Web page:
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Thread: Domestic Fridge Energy Consumption.

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    Diamond Member AndyD's Avatar
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    Domestic Fridge Energy Consumption.

    I recently got around to repairing a domestic fridge that’s been kicking around in my workshop for probably 2 years now. It belonged to a neighbour that didn’t want to fork out the amount for a new control board and new compressor and dumped it with me. It was originally an R600 (isobutane) unit and I’m not keen to work with highly flammable/explosive refrigerants but eventually I came across a suitably sized, second hand, 134A compressor and found myself with some playtime the other day so I flushed it, vacuumed it and converted it.

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    It's a pretty standard almost-frost-free type of fridge, it has an finned, static evaporator coil inside the freezer cabinet and a standard evaporator plate in the back wall of the fridge compartment. Both evaporators are in series with the freezer fed first by capillary and the chiller/fridge getting fed second from the freezer left-overs as it were. The condenser is the standard black steel convection type that stands proud at the back.

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    Instead of installing an extortionately priced new manufacturers control board that did almost nothing other than temp control by 4 x presets and would take 3 weeks to arrive I installed a generic 2-probe refrigeration controller which gave me the advantage of being very accurate temperature control, being able to more tightly control the defrost cycle, a temperature display accurate to 0.1 degrees and alarm facility if the fridge ever stops working and my food starts defrosting.

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    I ran the fridge and it turned out the 134A compressor was fractionally oversize by what’s known in professional engineering circles as a ‘ball hair’. After I got it down to normal operating temp and balanced the refrigerant charge it was very very close to being in a vacuum on the suction side. With a substantially oversize compressor it can result in condensing noise and under condensing/running hot but none of these symptoms were present and it ran well.

    It was early evening in my workshop when I tested the fridge, it was empty and it took about 1 hour to get from 30 degrees to 2 degrees internal cabinet temperature at which point the controller shut off the compressor. Not wanting to hang around any longer I threw a power monitor on the fridge power supply to record the on and off times throughout the night so I could see in the morning if there were any problems.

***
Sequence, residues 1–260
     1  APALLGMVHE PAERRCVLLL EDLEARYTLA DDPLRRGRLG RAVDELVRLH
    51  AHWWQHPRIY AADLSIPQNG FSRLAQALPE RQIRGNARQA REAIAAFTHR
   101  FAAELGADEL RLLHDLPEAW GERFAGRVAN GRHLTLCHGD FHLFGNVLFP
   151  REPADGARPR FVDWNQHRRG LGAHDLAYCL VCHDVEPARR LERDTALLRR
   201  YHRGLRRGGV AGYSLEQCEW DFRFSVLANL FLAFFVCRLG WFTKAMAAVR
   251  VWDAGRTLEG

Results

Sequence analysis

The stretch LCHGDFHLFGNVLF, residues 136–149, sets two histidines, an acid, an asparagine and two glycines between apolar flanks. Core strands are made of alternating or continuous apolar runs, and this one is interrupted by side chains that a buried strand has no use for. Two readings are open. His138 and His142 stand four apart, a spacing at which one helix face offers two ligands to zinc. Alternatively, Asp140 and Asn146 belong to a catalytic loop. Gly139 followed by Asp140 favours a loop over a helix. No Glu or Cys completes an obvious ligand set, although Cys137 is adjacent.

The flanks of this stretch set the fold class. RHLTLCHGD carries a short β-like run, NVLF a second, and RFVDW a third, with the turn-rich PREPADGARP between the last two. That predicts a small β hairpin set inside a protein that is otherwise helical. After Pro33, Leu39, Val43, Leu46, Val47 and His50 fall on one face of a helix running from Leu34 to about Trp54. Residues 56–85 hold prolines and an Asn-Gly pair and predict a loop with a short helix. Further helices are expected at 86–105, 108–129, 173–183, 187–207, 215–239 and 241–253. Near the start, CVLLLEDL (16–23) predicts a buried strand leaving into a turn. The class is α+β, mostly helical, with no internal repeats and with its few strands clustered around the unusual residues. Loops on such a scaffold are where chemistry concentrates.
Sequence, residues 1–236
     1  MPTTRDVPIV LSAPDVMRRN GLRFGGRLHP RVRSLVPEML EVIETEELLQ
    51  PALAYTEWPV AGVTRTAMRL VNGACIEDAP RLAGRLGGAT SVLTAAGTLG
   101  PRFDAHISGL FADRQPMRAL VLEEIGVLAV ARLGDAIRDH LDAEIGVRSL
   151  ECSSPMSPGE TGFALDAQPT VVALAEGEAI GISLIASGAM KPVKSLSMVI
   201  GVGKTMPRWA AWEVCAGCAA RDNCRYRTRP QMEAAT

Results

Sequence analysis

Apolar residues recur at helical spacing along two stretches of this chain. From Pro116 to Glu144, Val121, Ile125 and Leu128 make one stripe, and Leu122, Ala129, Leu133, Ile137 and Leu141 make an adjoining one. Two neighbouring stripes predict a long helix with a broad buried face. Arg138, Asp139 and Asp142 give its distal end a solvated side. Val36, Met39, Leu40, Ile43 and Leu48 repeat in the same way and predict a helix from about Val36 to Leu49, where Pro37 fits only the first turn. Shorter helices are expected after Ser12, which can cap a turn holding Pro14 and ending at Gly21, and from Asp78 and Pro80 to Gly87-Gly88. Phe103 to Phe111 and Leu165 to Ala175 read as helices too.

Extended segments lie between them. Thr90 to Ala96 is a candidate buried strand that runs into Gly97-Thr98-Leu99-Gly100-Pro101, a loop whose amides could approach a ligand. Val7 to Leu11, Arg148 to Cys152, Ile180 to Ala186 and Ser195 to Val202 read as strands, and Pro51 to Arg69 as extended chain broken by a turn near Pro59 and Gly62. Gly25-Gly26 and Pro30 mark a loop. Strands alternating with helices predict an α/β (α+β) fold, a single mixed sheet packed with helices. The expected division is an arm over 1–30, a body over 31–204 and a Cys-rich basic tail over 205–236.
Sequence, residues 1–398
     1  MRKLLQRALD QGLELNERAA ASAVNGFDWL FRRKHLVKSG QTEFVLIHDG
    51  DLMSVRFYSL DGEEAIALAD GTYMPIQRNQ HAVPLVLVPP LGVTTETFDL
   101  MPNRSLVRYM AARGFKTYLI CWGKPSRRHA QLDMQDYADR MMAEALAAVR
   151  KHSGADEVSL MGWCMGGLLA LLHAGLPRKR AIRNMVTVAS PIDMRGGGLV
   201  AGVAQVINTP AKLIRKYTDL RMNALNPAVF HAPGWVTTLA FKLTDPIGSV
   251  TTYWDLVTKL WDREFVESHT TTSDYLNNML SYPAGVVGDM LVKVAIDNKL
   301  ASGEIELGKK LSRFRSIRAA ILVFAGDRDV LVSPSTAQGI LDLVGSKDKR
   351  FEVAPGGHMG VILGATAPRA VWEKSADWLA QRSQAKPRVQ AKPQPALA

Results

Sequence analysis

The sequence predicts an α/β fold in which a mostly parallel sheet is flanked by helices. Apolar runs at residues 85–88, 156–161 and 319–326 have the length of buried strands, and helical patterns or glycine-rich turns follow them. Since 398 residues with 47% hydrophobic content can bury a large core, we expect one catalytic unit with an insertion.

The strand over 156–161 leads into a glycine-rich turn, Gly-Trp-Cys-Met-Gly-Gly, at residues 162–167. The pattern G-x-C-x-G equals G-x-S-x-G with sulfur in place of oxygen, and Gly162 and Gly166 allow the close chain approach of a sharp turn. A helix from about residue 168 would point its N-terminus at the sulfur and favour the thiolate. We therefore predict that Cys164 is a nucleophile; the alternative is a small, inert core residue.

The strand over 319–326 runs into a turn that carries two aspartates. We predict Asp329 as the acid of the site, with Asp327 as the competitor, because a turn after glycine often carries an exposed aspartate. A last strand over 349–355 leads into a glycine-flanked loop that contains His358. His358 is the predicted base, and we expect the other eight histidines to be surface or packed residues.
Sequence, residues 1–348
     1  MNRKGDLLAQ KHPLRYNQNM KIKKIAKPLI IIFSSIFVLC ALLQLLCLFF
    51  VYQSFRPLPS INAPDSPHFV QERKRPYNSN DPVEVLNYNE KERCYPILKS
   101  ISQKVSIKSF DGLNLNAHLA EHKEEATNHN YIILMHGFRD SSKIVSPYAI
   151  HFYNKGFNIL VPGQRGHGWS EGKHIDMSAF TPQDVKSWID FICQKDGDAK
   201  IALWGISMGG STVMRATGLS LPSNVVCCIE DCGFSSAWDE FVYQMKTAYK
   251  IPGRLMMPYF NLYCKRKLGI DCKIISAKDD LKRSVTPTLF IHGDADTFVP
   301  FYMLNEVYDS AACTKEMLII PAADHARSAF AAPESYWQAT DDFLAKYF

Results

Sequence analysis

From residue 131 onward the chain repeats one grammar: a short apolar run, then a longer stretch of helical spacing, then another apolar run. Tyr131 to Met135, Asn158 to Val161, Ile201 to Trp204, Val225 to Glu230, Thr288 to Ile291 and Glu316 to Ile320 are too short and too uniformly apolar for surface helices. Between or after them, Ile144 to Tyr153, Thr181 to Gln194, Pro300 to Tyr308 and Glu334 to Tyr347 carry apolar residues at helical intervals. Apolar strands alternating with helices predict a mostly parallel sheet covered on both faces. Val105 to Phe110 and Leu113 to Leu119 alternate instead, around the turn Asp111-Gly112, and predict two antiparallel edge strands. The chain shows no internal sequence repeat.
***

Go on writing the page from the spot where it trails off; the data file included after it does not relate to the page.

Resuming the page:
Next day I checked the power log and everything was as expected. I could see the running periods and the off periods once the set temperature was reached and I could also see the defrost period that happened for 15 minutes in the early morning. From the regular pattern of the power log the fridge was running for around 10-12 minutes and then remained off for approx 35 minutes. Great I thought...success, a nice cheap fridge I can use at home for the bulk monthly shopping stuff so I promptly located it in my laundry room next to the small chest freezer.
    Last edited by AndyD; 23-Jan-16 at 12:55 AM.
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    Diamond Member AndyD's Avatar
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    One thing I still wanted to do was to optimize the defrost time and defrost terminate temperature setting so I left the power monitor on it and loaded it with some food in the freezer section and 8x 2 liter bottles of water randomly distributed around the fridge part in order to simulate some product and ensure normal use conditions. I put an external temperature tester into the fridge to monitor it and plugged it in to get it cold. 2 hours later I went back to it and it was only at 12 degrees so I left it another 2 hours by which time it had only made 7 degrees and wasn’t getting any cooler. My first thought was a refrigeration problem but everything checked out fine, the refrigeration side was running at full capacity but couldn’t achieve the set temperature.